Tickets are NOT cheaper if bought on the day of arrival. There are 2 kinds of tickets available online: with audioguide (18.80 euros) and without audioguide (14.80 euros). This price is a little higher than what you see on the Sagrada Familia website because it includes the service charge from Servicaixa. - Ours tickets are included in the tour.


La Sagrada Família is yards from the metro station of the same name, which is on Line 5 (blue) and Line 2 (purple). Casa Batlló is beside Passeig de Gràcia metro station, and both La Pedrera and the Modernism Museum are a stroll away. Park Güell can be reached on bus 24 from the Plaça de Catalunya (or Passeig de Gràcia) or by taking the metro to Lesseps on Line 3 (green l)—the latter involves a hike along Travessera de Dalt and up Carrer d'Olot.Alternatively take Line 4 (yellow) to Joanic metro station then get Barri bus 116 to the park’s main gate. If you bought an advance timed ticket for La Sagrada Familia you may wish to start at Park Güell, as it is the farthest out of town.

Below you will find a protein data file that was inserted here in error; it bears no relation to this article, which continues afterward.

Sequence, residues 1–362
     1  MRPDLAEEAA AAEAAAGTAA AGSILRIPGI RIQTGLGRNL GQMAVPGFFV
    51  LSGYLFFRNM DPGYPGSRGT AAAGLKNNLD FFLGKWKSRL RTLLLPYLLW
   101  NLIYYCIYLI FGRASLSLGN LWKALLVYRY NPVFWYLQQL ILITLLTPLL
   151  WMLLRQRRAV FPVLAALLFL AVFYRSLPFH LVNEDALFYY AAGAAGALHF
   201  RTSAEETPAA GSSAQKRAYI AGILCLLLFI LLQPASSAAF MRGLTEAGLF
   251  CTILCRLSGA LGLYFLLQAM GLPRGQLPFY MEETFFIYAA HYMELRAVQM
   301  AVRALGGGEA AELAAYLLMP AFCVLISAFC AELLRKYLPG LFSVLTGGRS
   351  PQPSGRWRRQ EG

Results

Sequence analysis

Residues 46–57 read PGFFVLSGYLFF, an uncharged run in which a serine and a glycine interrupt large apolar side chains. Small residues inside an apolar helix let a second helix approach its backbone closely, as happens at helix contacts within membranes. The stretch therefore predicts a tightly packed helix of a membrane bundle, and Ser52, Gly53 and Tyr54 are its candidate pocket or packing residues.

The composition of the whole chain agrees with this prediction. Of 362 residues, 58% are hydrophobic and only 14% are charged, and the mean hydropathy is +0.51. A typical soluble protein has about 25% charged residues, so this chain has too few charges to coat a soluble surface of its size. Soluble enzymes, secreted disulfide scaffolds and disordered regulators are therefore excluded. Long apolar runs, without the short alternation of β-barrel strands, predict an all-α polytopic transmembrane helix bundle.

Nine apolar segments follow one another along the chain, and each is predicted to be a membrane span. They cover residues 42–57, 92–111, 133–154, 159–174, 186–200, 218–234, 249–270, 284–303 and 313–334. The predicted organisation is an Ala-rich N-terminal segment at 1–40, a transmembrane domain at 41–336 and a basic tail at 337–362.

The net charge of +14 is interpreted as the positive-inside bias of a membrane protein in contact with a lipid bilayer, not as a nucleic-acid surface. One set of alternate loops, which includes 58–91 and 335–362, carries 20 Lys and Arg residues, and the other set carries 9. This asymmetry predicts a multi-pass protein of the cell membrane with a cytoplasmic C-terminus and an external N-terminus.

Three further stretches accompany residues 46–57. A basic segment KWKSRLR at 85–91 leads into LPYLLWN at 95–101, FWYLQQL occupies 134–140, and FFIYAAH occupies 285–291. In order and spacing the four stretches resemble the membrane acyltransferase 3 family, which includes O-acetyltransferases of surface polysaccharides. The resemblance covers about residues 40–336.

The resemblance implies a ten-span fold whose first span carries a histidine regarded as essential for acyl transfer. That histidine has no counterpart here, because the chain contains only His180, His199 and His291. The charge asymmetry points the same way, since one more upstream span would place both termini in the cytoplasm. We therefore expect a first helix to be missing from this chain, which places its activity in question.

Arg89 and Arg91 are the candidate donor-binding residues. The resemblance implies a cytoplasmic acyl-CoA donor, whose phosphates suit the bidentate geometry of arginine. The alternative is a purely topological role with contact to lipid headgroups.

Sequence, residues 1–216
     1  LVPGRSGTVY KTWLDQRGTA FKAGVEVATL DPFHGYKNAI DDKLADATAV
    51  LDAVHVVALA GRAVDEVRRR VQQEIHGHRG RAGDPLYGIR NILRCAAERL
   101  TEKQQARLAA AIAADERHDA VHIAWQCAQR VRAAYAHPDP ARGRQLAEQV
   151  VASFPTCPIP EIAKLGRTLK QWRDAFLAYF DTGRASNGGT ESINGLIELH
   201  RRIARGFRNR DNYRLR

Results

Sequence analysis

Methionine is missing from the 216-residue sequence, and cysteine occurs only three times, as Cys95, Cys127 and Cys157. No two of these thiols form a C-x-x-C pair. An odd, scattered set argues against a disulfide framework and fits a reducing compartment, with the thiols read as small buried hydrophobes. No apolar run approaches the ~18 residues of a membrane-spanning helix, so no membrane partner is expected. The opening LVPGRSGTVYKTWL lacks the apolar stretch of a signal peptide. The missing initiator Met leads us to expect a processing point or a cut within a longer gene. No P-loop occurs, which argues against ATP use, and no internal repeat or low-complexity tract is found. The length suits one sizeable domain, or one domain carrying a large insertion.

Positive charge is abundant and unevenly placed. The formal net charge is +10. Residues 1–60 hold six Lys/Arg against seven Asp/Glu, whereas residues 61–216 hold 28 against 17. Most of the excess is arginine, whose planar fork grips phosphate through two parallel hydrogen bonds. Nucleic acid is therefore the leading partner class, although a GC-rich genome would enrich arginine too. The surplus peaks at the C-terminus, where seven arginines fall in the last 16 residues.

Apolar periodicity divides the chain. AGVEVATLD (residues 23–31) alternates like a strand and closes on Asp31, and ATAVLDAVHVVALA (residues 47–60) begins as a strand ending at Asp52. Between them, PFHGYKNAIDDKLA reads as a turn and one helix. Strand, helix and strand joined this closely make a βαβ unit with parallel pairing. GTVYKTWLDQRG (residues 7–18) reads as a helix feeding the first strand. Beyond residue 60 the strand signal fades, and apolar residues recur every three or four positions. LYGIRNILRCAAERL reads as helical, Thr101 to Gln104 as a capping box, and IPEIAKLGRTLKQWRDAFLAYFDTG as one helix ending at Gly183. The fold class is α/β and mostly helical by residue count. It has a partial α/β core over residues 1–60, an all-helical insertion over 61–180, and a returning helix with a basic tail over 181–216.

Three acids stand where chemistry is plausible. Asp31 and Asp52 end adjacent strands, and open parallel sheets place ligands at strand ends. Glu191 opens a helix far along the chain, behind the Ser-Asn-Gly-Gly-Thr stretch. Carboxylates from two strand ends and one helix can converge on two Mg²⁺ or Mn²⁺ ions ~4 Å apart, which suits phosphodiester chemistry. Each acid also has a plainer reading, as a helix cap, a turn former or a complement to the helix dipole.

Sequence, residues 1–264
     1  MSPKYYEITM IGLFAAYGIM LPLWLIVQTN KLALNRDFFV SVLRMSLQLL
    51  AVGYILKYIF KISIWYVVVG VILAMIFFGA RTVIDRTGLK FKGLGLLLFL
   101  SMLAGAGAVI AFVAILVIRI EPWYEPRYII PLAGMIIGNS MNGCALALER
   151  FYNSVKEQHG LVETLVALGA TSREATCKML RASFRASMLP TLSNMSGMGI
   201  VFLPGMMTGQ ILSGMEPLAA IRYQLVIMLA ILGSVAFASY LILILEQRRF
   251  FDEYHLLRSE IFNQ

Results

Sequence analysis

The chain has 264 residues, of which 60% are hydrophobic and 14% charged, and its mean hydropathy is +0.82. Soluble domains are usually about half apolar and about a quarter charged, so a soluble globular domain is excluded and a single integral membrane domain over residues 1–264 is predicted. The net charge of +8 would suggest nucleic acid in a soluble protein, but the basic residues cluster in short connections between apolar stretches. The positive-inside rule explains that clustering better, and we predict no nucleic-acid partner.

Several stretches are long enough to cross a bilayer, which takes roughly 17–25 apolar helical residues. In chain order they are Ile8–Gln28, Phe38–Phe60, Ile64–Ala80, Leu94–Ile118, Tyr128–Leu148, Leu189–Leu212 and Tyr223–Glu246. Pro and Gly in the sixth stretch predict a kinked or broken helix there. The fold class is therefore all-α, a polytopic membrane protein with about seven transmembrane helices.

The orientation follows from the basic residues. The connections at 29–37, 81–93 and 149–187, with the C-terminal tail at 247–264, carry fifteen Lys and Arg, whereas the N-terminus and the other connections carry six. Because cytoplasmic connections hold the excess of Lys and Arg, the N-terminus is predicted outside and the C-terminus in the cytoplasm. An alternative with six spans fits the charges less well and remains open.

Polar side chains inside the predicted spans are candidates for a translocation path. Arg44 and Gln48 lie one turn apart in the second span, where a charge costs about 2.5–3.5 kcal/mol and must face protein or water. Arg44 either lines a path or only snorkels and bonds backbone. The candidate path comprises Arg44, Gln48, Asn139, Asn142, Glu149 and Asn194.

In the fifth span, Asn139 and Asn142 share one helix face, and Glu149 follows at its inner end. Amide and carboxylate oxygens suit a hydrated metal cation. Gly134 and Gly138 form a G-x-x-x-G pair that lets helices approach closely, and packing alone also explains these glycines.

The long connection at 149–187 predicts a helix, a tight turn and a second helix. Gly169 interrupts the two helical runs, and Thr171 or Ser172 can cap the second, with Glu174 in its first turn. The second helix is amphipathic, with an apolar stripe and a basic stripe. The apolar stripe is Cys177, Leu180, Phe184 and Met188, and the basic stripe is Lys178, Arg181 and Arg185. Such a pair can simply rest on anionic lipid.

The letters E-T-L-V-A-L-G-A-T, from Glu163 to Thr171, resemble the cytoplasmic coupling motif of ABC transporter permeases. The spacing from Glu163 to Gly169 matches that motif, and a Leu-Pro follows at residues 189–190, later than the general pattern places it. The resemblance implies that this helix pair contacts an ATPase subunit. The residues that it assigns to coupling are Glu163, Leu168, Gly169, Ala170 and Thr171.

Basilica Visit + Audio Guide
The visit with audio-guide will lead you to an area of 4,500 square metres so you can discover the most outstanding aspects of the universe of Gaudí. 

At €14 adult entrance, La Pedrera is pricey (but worth it). If you enjoy art you may also want to visit the National Art Museum or the Miró Foundation (both in Montjuïc) and/or the Picasso Museum near the Gothic Quarter. If you visit La Pedrera plus any two of those you will save with an Articket, which is valid for six months and covers the four properties mentioned plus three others. It costs €25, minus a 5 percent discount if you order online from www.barcelonaturisme.com. It also lets you walk to the front of the line.You can also save with a Barcelona Card—a combined transport/museum entry pass that provides free access to many museums and discounts at others. It can be valid for two to five days, with prices rising incrementally by day.

+++ Please note these times when booking: +++

2nd January 2014 to 31st March 2014: 
Fri. and Sat at 15.00 and 16.00: in English and Spanish
01. April bis 30. September: 
Mon., Wed., Thu., Sat. at 10.00, 12.00 and 15.00: English + Spanish 
Tue., Fri., Sun. at 10.00, 12.00 and 15.00: English + French 
Daily at 16.00: English 
Mon., Wed., Sat. at 16.00 Russian 
Mon., Thu., Sat. at 17.00: English + Spanish